Why do you like teaching Toronto: The Changing City?
My own scholarly research relates to urban sustainability and social inequality issues in Toronto. As a result, I have expertise regarding Toronto’s social history; how Toronto has evolved over time in terms of demographics, power relations; and the spatial division of labour in Toronto. In the course, students learn about the reciprocal relationship between social relations and the spatial organization of the city. Neighbourhoods like Kensington Market or Little Italy have evolved over time in terms of the racial, ethnic and class backgrounds of the people who live there as well as what these neighbourhoods contribute to Toronto as a whole.
What interesting new topics will you be tackling this year?
The course continues to reflect some of the current changes and challenges affecting Toronto. Some of the themes that will be explored include: the ‘Manhattanization of Toronto’ and the gentrification of Toronto’s downtown; the commodification of multiculturalism in the city; the increase in the social regulation of citizens in the public sphere; and the phenomenon of the working poor. When we explore these topics, students are encouraged to consider why these issues are happening in Toronto at this time and who the stakeholders in Toronto are that benefit or are challenged by these changes.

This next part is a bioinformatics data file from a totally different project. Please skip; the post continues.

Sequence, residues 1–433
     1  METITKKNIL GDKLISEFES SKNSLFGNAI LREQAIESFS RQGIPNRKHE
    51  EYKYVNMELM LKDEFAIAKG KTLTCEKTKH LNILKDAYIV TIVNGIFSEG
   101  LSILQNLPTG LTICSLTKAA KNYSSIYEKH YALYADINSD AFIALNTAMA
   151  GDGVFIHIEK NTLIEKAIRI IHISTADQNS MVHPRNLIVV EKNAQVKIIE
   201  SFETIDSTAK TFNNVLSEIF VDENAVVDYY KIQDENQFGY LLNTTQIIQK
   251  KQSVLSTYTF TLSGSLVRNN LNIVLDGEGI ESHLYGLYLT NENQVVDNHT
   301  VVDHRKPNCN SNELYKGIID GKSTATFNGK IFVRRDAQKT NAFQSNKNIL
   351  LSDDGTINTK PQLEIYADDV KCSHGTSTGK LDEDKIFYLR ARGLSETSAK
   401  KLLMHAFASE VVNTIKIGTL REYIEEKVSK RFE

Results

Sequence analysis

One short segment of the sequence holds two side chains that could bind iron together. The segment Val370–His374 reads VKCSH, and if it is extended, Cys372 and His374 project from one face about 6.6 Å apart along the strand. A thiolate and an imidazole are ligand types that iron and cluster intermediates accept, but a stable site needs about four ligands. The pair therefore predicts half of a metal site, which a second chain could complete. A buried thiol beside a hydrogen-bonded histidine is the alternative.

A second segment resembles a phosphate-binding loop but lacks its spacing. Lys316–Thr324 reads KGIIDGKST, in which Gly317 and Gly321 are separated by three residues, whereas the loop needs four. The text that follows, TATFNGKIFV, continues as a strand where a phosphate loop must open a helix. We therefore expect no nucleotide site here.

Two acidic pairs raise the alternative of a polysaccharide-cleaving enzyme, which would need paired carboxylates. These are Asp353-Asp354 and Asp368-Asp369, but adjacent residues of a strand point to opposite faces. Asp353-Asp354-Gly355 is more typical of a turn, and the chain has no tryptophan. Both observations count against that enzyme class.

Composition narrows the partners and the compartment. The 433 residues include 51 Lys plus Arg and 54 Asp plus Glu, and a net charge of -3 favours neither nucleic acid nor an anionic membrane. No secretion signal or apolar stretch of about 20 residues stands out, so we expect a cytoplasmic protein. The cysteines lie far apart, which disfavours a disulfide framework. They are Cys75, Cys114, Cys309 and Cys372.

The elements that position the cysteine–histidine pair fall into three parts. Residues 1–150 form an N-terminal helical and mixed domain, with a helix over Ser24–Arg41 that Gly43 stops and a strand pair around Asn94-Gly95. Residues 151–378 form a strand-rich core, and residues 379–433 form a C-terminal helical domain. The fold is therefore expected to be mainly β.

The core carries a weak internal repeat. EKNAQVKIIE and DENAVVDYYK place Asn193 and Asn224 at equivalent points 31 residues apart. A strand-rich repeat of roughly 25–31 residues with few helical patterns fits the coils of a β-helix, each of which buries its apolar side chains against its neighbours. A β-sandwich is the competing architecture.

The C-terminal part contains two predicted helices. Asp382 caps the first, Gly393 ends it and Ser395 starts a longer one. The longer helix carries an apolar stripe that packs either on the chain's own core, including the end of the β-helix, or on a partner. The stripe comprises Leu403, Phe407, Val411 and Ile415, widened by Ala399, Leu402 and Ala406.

Why are urban issues important for sociologists?
Cities are now the principle form of settlement. Living in cities has consequences for how people relate to each other both in terms of how people interact and how their lives are organized. For example, the current shift toward high density residential spaces in Toronto requires us to consider what it means when people who are different come into close contact in addition to considering the consequences for work and urban infrastructure.
The study of cities and urbanism has always been at the heart of sociology. Cities like Toronto are strategic locations for the exploration of many subjects confronting society, such as industrialization/de-industrialization; housing and settlement patterns; social and cultural diversity; crime and social regulation; and the environment. Cities reveal both the best and the worst of the human social condition.